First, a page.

Late on Nov. 8, 1988, the phone rang. I answered, and a familiar voice said: “Well, congratulations. You won.”
“I won? What do you mean I won?”
“Bush won, so you won,” he answered.
“YES, it’s me! JON LOVITZ! And NOW YOU are going to be the president on ‘Saturday Night Live’ for the next four years. HAPPY NOW?”
On “Saturday Night Live,” your friend’s defeat can be your victory. Comedians can be insanely competitive — the reason “class clown” is singular is because if there were two class clowns, one clown would ultimately kill the other clown.
Jon had played the Democratic presidential nominee, Michael Dukakis, during the fall of 1988 opposite my George H.W. Bush impression. We both knew that if our guy were to win we would be in a lot of cold opens, a coveted spot to start the show for at least four years.
I told Jon he had run a hard-fought campaign, and then I looked up at the TV to see that the real Michael Dukakis had just conceded to the real George H.W. Bush. The fake Dukakis had conceded to the fake Bush three minutes earlier.
The George H.W. Bush conundrum
President Ronald Reagan was an easy target. He had an impossibly low hairline, a tan, wrinkled face, a bobbling head, and as a bonus, he called his wife Mommy. He was comedy gold.
On the other hand, the first President Bush was a comedian’s nightmare. There was nothing to do an impression of — no hook. My take on him, in the early sketches, was actually kind of terrible and not particularly funny. I always had good jokes with the help of two brilliant political satirists, Al Franken and Jim Downey, but my first Bush cold opens were just O.K.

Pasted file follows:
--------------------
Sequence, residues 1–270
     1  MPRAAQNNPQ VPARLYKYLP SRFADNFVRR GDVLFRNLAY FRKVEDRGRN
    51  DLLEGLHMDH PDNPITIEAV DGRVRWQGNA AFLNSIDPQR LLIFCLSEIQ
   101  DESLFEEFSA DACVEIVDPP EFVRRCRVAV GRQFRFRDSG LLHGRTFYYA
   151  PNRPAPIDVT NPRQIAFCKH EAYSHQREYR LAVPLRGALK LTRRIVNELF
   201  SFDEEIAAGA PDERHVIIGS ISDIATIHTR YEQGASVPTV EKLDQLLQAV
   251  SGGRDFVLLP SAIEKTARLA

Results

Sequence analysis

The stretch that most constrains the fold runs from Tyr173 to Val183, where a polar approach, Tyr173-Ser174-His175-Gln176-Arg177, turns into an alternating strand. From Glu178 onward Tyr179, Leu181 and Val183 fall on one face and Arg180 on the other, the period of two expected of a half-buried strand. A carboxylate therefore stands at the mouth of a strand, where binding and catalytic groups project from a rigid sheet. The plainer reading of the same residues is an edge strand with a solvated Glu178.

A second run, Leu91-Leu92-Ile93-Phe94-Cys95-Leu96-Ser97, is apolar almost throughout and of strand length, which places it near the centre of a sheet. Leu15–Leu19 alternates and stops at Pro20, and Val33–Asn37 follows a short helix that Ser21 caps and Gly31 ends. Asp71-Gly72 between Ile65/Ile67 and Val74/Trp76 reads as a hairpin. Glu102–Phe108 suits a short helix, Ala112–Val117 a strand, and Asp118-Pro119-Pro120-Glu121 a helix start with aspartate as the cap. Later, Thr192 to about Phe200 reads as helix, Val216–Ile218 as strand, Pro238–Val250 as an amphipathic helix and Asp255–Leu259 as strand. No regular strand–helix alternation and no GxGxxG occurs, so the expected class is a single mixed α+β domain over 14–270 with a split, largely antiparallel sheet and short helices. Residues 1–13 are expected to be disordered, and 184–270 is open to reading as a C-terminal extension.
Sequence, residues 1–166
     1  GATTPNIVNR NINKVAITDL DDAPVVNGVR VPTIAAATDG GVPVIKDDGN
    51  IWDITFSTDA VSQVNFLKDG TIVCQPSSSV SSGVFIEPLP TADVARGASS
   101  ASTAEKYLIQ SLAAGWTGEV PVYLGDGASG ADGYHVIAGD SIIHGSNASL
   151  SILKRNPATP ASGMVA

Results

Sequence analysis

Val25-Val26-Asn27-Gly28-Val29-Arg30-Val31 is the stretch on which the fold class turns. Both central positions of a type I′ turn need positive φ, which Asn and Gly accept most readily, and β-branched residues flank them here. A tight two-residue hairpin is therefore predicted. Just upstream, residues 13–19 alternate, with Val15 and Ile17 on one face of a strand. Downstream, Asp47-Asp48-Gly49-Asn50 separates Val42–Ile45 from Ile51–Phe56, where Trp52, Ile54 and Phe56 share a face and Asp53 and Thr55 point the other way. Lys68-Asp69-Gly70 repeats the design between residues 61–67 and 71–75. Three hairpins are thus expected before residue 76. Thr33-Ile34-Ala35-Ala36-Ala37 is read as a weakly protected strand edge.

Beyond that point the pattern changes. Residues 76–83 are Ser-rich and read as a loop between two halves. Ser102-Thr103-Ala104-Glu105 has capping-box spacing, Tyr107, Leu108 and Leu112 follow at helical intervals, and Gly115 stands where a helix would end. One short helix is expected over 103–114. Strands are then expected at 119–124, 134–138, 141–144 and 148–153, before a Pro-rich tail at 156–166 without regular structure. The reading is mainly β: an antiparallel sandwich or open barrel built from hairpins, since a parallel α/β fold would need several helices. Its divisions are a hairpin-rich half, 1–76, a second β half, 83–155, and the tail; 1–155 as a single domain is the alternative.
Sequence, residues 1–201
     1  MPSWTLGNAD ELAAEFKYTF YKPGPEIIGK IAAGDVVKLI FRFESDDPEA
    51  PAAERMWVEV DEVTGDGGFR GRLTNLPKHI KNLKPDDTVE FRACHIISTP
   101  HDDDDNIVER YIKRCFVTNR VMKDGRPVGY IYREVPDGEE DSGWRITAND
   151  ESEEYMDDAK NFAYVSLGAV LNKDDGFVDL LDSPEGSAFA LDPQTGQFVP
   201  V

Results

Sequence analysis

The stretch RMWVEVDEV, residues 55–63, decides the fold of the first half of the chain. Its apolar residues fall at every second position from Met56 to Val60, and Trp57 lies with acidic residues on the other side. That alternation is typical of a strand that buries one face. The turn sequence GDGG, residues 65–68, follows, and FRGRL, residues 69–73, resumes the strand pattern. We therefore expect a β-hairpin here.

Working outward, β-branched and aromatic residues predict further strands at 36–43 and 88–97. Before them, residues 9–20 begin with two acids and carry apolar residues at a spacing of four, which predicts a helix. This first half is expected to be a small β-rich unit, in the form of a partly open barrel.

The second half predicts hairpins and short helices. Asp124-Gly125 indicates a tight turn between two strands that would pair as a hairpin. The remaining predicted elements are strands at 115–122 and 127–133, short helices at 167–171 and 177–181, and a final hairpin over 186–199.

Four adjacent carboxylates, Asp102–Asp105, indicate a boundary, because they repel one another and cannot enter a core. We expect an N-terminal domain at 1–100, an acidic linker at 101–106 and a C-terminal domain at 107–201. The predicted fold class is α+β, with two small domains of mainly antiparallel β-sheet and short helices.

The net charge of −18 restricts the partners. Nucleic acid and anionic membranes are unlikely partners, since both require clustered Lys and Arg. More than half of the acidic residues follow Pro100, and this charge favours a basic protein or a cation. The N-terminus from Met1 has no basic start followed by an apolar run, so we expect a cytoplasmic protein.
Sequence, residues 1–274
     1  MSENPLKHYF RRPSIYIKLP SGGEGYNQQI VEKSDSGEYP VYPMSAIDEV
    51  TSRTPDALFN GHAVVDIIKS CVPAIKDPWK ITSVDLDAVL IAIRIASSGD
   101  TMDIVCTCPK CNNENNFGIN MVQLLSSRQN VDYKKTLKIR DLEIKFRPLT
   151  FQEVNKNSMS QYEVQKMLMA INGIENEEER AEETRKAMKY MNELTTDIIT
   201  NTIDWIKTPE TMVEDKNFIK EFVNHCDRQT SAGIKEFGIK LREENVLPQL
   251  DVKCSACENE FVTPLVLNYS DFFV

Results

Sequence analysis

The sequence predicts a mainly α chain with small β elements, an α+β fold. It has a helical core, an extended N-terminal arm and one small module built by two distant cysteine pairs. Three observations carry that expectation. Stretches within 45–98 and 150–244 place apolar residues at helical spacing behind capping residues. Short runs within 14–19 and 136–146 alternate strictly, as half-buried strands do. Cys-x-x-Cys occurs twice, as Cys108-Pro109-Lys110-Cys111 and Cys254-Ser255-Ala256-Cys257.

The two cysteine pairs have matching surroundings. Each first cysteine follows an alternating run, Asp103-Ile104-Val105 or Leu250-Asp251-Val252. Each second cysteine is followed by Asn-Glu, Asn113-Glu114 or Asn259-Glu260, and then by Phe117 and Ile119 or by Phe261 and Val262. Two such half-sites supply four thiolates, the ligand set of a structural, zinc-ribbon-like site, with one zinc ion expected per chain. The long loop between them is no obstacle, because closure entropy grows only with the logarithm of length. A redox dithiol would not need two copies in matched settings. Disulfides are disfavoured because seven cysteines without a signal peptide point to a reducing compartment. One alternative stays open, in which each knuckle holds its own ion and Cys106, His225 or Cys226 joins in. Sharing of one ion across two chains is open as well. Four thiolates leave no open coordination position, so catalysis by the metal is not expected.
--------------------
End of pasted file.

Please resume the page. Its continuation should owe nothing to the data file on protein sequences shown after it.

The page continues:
Then one late Friday night on the 17th floor of Rockefeller Center, as Franken and I sat in his office racking our brains, something unexpected happened. Lorne Michaels, the creator and executive producer of “S.N.L.,” had asked for a Bush cold open, and in comedy terms, “we had nothing.” I was playing around, trying to make Al laugh. At one point, I raised my right arm and began rotating my hand lazily with index finger pointed — as if the hand were reaching for some thought. And then it came out — my voice flattening in a lazy syntax — “those people out there … doing that thing … doing that thing in that whole area over there.”
Al was laughing his ass off, and we both knew we had a hook. At that moment, President Bush became a character.
In the ensuing months, a lot of sub-hooks and hand gestures were added. And ultimately, if President Bush said, “Not going to do it,” I said, “Na Ga Da It.” That’s actually how it was written on the cue card. I could tell you more, but it wouldn’t be prudent at this juncture.
Lincoln Bedroom: Been there, done that
On Dec. 4 1992, I was on the phone with Lovitz. Again. I heard a beep indicating call waiting.
“Hold on a sec, Jon.”
“This is White House operator No. 1. Please hold for the President.”
“Sorry Jon, I got to take this call.”
“What? You got a BIGGER name on the other line?!”
Suddenly I’m on the phone with President Bush, who had lost his bid for re-election the month before. I’m more than a bit nervous.